Planning in advance greatly helps you achieve two things: get the most out of your own resources and escalate the chances of acquiring the proper type of college financial aid. To facilitate planning, you should be aware that financial aid comes in two forms. The first is called gift aid, which you don't pay back. This involves scholarships and grants. The second type is self-help aid, which you pay back. College loans and work-study programs are included under this category.
The Two forms of Financial Aid
Sources of financial aid include the state government and federal government, colleges themselves, and privatecompanies such as banks. Financial aid could be awarded depending on certain achievement, either academically or athletically, but oftentimes it’s based on necessity. Rarely a college student is given a full scholarship with no strings attached.
Finding College Financial Aid from Private Organizations
Apart from seeking assistance from the college and government, you may inquire about financial aid from private sources:
- Employers or labor unions may have educational assistance programs. Verify if your child is eligible for grants, scholarships, or low-interest loans.
- Check on social organizations that you belong to (religious or civic), and see if they offer aid.
- If you are a military veteran, or a dependent of one, check up on related benefits from the Veterans Administration.
- Go to the public library and conduct your own search for scholarships that you may not knowexist but are within your locale. You don't need to pay for this service online; you’ll be billed unnecessarily for data you could find yourself with some extra effort.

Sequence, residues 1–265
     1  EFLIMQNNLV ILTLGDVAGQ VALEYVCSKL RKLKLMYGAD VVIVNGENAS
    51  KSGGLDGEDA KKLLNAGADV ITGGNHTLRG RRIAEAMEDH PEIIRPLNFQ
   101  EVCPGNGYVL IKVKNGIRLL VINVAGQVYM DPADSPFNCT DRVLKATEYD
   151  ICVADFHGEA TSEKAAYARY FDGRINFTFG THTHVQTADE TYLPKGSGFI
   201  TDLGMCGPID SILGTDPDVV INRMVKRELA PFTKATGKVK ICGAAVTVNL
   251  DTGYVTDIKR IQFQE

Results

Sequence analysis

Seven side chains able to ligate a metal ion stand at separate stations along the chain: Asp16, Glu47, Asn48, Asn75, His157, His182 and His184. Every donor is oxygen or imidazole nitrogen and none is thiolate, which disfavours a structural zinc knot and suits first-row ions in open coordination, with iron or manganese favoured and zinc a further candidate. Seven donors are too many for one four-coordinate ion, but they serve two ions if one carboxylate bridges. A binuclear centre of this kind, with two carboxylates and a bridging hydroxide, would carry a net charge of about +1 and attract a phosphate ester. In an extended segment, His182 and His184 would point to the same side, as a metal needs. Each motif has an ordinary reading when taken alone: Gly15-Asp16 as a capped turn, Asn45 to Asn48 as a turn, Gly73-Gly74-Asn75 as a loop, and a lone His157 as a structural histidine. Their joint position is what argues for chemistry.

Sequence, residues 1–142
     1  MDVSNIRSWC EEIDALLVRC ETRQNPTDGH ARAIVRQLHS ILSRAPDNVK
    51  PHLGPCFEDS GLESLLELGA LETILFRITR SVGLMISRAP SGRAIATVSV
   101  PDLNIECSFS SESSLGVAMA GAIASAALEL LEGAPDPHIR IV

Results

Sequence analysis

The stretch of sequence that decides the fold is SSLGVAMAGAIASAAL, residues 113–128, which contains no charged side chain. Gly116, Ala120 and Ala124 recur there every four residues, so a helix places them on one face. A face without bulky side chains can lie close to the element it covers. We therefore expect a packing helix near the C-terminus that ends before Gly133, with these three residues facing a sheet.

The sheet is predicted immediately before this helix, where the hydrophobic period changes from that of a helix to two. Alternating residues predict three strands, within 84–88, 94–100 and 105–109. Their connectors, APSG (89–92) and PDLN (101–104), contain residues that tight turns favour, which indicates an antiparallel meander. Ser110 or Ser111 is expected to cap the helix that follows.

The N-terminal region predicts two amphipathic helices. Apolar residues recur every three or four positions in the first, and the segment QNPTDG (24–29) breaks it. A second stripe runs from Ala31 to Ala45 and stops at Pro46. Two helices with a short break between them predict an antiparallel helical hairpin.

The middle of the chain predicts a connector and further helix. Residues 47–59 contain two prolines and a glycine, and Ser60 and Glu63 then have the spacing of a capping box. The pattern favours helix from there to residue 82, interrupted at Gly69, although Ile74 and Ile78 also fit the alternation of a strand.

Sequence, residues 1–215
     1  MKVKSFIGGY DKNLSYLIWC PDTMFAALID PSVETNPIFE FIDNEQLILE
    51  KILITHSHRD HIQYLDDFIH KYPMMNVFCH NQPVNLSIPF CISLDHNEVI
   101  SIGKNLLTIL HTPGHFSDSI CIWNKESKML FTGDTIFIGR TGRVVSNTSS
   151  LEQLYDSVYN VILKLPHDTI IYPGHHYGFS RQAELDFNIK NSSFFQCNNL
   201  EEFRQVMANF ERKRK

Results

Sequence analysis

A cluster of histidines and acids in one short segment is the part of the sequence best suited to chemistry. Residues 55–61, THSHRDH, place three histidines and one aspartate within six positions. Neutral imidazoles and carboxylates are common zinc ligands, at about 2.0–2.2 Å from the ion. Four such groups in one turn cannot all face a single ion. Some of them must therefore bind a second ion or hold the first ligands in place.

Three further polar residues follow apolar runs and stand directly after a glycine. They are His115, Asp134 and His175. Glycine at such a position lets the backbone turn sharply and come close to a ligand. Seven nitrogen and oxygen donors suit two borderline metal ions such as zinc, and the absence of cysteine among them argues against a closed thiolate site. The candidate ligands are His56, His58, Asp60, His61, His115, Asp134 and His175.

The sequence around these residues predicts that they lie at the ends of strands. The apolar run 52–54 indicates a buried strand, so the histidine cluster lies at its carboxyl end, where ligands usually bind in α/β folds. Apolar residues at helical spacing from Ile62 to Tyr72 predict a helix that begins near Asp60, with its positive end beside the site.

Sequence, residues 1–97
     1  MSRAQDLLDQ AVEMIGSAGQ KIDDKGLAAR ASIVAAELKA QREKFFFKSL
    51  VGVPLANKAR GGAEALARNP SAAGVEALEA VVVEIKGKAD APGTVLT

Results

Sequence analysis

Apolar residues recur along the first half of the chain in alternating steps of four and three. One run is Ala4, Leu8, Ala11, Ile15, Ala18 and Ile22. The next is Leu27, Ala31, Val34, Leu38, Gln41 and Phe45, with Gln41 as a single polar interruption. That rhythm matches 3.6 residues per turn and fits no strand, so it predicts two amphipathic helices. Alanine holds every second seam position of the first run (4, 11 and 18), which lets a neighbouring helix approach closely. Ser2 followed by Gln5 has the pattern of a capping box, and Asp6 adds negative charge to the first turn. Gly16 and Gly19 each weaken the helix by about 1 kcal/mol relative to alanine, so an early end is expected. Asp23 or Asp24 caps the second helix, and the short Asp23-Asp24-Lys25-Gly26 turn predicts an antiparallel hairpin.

Lower Your Share
Financial aid agents like to think they consider the big picture before they ask you to contribute. They will inspect such matters as parental income, family net assets, student earnings, and expenses. You'll be the one to paint the picture as bleakly as you can, within legal limits, of course. Make sure to call attention to unique situations, such as large medical bills, a disabled or retired, or siblings in college at the same time. This is the time to protect personal assets in matters such as IRAs. Join a salary reduction plan at work-like a 401(k) investment-to slash what the universities regard as available income. Get a tax planner long before you tackle the financial aid office to further reduce expected family contribution.
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